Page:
The commentary on the crisis information recently released by the Fed has devolved into a dispute about the “correct” way to interpret the data. But this dispute obfuscates the important questions raised by the Fed’s actions. A good analogy for understanding what took place is to think of the Fed as the provider of shelter in a storm:
There was hurricane going on outside and the banks needed shelter. The Fed provided the shelter. But it turns out the shelter wasn’t just for one night and it wasn’t just for one bank. The Fed provided shelter to all the banks for months on end. Some banks were sheltered at the Fed for more than a year.
It is this long-term aspect of the Fed’s “emergency” lending that forces one to question whether this was emergency lending at all. And raises the following questions:
Did the banks have a duty to construct their own shelters to weather the hurricane?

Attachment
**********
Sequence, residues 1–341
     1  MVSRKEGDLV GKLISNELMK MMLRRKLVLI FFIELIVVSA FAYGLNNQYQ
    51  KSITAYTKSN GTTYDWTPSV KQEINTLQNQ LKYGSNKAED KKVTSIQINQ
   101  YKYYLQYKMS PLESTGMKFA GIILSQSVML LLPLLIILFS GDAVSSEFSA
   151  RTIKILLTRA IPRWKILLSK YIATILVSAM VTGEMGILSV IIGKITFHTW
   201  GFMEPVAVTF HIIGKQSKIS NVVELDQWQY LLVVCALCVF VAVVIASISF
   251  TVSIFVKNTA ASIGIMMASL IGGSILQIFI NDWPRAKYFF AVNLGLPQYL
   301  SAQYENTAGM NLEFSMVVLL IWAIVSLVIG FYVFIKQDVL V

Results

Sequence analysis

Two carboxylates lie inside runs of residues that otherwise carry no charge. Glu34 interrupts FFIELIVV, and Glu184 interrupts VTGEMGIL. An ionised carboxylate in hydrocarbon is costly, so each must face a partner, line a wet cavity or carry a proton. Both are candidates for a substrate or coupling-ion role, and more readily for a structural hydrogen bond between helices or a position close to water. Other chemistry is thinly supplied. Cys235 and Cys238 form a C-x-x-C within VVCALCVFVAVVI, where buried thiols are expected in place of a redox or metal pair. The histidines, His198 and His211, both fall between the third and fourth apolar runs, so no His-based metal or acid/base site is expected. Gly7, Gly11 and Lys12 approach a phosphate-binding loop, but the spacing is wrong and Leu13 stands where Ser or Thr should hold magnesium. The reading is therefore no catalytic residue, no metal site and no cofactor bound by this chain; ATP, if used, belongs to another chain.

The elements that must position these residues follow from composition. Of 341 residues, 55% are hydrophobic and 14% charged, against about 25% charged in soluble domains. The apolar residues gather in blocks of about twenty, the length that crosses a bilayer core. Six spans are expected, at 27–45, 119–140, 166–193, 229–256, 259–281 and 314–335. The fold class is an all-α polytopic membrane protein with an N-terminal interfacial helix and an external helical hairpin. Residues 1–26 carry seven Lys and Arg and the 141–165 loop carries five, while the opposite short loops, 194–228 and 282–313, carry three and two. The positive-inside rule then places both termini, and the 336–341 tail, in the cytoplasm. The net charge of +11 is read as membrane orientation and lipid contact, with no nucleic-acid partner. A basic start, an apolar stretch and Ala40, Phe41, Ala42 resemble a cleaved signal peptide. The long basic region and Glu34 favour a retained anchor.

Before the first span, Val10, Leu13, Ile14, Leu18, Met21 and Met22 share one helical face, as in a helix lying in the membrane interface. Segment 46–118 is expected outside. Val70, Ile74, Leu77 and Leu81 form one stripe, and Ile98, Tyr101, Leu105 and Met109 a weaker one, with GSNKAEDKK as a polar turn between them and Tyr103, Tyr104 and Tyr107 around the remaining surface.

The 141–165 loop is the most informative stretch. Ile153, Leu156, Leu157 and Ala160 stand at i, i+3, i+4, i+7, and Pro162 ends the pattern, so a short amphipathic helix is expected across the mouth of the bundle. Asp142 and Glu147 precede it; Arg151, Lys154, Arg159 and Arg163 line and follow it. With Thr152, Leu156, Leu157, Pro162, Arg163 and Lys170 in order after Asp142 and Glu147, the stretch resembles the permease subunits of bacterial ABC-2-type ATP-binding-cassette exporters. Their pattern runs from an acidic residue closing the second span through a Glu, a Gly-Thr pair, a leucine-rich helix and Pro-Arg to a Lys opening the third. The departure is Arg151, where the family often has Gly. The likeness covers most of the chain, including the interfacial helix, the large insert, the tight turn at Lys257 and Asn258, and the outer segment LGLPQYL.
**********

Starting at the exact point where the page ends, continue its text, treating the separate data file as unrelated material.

Or is the Fed their liege lord with a duty to protect them? If the Fed has a duty to protect the banks in a hurricane, then what is the likelihood that the existence of that duty is the reason the hurricane lasted so long? (These storms are clearly not acts of God, but entirely endogenous to the actions of the banks.)
By providing such extensive shelter, does the Fed discourage the banks from building their own storm-worthy shelters?
Did the banks pay a fair rate for the shelter? Did they just do the dishes every night or did they pay a “normal times” market rent of say 5% of the market value of the shelter per annum or did they pay a rate closer to the value to them of the shelter? Aren’t liege lords entitled to something like a third of their clients’ gross revenue annually in good times and in bad?
What about the decision the Fed makes about who gets shelter? Does the Fed provide shelter to all the banks, or only to a select few banks? Should consumers — or non-financial firms — have access to this shelter? If not, why not?